Winter means snow, ice, rain and cold temperatures, making for hazardous road conditions. Anticipating these hazards and knowing how to “read the road” will help you safely respond to changing road conditions.
Know Your Truck
Know how your truck will perform in winter weather before you head out:
- Conduct a thorough pre-trip inspection. Ensure that tires and chains are in good condition.
- Safely remove any snow from windows, lights and trailer; clear lights periodically.
- Make sure the load is properly secured and balanced.
- Know how safety features such as ABS, ESC or collision mitigation technologies work in winter weather.
- Exercise increased caution when bobtailing or driving with no load as you have less weight on the rear axle. This makes it harder to steer, stop and go. During hard braking, a truck will shift its weight to the front tires, reducing braking effectiveness.
- Turn off retarders (e.g. engine brakes) whenever the road is slippery. Retarders may cause your truck to lose traction. The goal is to have even braking on all axles.
- Turn off cruise control in adverse weather.
Know Before You Go
Check the latest highway conditions and weather reports for your area of travel:
- DriveBC.ca for highway conditions and highway cams.
- Toll-free 1-800-550-4997 for 24-hour B.C. road information.
- Weather.gc.ca for B.C. weather warnings.
- ShiftIntoWinter.ca for ways to prepare for winter driving.
- Talk with your dispatcher, especially during severe weather advisories.
While on the road:
- Comply with the written safe work practices of the company you haul for.
- Obey the road laws.
- Respond to driving messages posted on fixed and digital highway signs.
- Talk to other drivers about the latest road conditions.
Know About Road Surface and Grades
Various road surfaces react differently to cold temperatures, snow and ice. (For example, asphalt can sometimes offer less traction than concrete.) In addition, be attentive to contours and defects in the road, such as the crown, the angle of curves, potholes or frost heaves.
Plan ahead and obtain information about any long, steep grades along your planned route of travel. When climbing upgrade:
- Assess the conditions.
- Use chains when you need them, or when directed by signage.
- Maintain your momentum; if your drive wheels spin, ease off the throttle.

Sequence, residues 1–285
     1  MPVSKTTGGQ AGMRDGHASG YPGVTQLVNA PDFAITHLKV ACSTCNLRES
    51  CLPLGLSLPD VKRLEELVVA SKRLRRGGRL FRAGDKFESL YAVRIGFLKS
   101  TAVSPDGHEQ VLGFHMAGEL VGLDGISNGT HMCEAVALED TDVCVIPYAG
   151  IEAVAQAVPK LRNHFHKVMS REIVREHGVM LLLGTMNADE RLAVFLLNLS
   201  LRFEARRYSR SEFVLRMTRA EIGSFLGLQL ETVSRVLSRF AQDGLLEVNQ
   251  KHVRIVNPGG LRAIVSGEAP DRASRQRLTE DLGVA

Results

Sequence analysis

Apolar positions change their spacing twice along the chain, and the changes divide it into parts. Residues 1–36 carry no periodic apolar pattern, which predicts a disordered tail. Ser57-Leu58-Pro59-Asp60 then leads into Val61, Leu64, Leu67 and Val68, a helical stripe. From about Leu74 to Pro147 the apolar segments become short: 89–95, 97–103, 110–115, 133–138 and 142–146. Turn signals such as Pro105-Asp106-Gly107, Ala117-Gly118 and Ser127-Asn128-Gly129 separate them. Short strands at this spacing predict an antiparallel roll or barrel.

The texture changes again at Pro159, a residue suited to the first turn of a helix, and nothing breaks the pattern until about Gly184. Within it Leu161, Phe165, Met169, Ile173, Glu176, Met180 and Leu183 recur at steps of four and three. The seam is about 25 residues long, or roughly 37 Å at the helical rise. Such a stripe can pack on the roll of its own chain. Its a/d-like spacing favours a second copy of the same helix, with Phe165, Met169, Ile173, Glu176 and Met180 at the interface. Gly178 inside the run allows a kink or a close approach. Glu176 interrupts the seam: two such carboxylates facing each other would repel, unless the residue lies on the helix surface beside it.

When travelling downgrade:
- Ensure you have sufficient traction; if not, chain up before the grade.
- Reduce speed before the grade.
- Brake gently and evenly.
When driving round a curve:
- Slow to below the posted speed limit before entering the curve.
- Avoid braking in a curve — available traction can change mid-curve.
- Avoid hazards on the road surface.
Tire Spray and Snow – Look for Clues
The amount and type of tire spray can tell you a lot about the road condition.
- A slushy spray that dirties windshields and leaves brown snow on your grill means good traction.
- If there’s less spray, but the road looks wet, beware – the road’s beginning to freeze. A coarse spray with ice crystals can signal a freezing road and ice. White snow on your grill means limited traction.
- If the road is wet with little or no spray, you may be on black ice.
When driving through heavy slush, trucks and buses can throw spray onto your windshield and limit your ability to see. Drive defensively and leave enough space between you and vehicle in front to minimize spray.
Know about Snow and Black Ice
Sure, it’s tough to read the road when black ice is involved. It may be invisible and its location may often be unpredictable. Here are a few common situations:
Shaded areas, bridges, and overpasses freeze sooner in cold temperatures. Approach them with caution.
- A rainy winter day or night can mean ice the next morning if temperatures drop below freezing overnight.
- In warmer weather, a light snowfall might melt when it hits the warmer road and turn to ice when temperatures dip at night.
- When temperatures fluctuate between +5° and -5° C, watch for black ice.
Adjust your driving in snow and black ice conditions by:
- Looking in the distance for hazards.
- Slowing down and driving for the conditions.
- Establishing and maintaining a safe following distance and increasing lane spacing where necessary.
- Avoiding aggressive braking and sudden steering.
- Being prepared to correct a temporary loss of vehicle control.
- Planning ahead and postponing travel during adverse conditions.